“You could spend a lot of money. And so knowing that, if we know that we have to spend that kind of money, let’s make sure that we’re getting the biggest bang for our buck, as we’re out there trying to figure out where the money’s coming from,” Newman said. “Let me put it this way: If the fountain were easy to fix and cheap to fix, it would have been done years ago.”
The fountain is the feature he hears about most often. It’s also one of the hardest elements to fix, because of underground plumbing needed to supply water. And it could prove costly to maintain if it were to be returned to the open fountain that children splashed around in. That would mean it would need to meet the same water testing standards as a public pool.
Other features are easier to improve.
On a recent weekday, Snyder stood in the center of the park, in view of some features organizers like and others they hope to change.
On one side of the square was a triangle of grass, bright green in the sun, and welcoming to a woman who sat and read in the park. Across the path was another section of grass, unused and patchy with dirt — the kind of thing organizers want to avoid.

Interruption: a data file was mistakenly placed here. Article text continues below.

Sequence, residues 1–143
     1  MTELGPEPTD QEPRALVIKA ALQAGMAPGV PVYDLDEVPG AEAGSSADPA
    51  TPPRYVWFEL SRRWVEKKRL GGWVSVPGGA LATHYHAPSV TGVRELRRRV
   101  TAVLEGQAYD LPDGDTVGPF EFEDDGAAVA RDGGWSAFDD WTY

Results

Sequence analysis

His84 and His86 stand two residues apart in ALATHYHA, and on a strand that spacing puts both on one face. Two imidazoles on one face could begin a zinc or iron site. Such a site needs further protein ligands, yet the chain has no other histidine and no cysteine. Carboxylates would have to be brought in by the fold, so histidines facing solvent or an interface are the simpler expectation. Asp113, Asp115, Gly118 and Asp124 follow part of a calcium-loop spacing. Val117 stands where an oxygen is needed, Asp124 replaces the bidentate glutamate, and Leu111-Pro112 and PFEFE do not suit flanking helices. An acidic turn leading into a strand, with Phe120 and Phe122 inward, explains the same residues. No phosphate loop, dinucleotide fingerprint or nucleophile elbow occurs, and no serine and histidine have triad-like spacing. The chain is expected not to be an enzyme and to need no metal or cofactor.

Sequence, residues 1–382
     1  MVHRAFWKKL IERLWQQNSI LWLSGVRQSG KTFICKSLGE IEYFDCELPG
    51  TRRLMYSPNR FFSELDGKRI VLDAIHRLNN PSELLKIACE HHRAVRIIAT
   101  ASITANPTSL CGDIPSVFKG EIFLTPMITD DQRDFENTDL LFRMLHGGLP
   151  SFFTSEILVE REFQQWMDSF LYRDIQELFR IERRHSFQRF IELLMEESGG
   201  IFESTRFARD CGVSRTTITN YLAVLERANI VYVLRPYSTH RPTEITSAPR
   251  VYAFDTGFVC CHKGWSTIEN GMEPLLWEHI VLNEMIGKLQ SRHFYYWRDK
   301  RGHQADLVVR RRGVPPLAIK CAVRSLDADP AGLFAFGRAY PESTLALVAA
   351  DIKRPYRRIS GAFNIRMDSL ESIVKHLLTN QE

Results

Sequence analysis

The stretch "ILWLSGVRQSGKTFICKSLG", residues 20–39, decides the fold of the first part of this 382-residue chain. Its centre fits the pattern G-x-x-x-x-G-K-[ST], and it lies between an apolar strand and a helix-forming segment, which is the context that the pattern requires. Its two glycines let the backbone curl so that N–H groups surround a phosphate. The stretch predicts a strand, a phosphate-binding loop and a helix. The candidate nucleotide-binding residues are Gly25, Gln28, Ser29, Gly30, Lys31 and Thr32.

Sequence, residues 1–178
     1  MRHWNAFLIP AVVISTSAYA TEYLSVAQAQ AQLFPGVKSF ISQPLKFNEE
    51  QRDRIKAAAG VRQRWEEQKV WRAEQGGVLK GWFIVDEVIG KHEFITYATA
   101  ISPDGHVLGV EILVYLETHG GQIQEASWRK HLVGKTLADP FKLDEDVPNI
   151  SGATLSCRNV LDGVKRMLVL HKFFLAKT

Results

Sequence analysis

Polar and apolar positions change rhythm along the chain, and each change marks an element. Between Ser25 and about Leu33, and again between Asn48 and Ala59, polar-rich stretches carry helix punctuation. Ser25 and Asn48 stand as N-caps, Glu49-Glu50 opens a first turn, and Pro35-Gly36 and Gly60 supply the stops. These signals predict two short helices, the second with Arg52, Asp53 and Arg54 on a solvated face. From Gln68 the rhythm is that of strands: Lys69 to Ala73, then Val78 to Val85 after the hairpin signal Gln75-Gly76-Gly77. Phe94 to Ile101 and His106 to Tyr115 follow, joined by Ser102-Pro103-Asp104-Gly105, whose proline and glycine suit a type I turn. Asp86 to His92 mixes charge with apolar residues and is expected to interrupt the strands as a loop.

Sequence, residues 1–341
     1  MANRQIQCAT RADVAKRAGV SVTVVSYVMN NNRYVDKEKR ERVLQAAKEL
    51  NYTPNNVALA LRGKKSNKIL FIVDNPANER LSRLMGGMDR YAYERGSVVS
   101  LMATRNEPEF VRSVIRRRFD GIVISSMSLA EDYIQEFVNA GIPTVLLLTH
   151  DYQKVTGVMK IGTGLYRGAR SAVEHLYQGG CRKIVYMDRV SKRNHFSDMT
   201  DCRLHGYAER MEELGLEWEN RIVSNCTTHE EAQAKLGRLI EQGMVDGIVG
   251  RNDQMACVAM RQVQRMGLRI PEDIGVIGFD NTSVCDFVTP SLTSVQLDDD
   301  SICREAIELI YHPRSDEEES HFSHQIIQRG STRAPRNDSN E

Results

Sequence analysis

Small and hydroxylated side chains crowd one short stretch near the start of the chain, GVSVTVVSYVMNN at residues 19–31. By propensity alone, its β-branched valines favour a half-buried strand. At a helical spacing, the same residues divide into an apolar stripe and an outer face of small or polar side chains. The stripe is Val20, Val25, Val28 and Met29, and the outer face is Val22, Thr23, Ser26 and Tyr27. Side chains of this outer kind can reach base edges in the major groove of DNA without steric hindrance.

The bare dirt shows Snyder that pedestrians might need more room during crowded events, or that the city should find another spot where food trucks can park when they visit on Thursdays for the farmer’s market.
One suggestion is to block off part of the street surrounding the square for the trucks, similar to the way the street is dedicated to them for the Fine Arts Fiesta. But that could take business from brick-and-mortar restaurants who occupy space — and pay taxes — all year long.
Another simple change would be to revisit the colorful banners that hung on the scaffolding that rises up in the middle of the park. The city currently uses that as advertising space for upcoming events. After the redesign, it held banners with large colorful designs. Bringing back some of those could be inexpensive.
“I think in many ways, the design of Public Square in the 70s was ahead of its time in that it anticipated a time when really a lot of people were not thinking about many of the features that designers try to incorporate into successful urban public spaces today,” Newman said. “And so a lot of those features are things we really want to try to retain and enhance as we go about rehabilitating Public Square during the next several years.”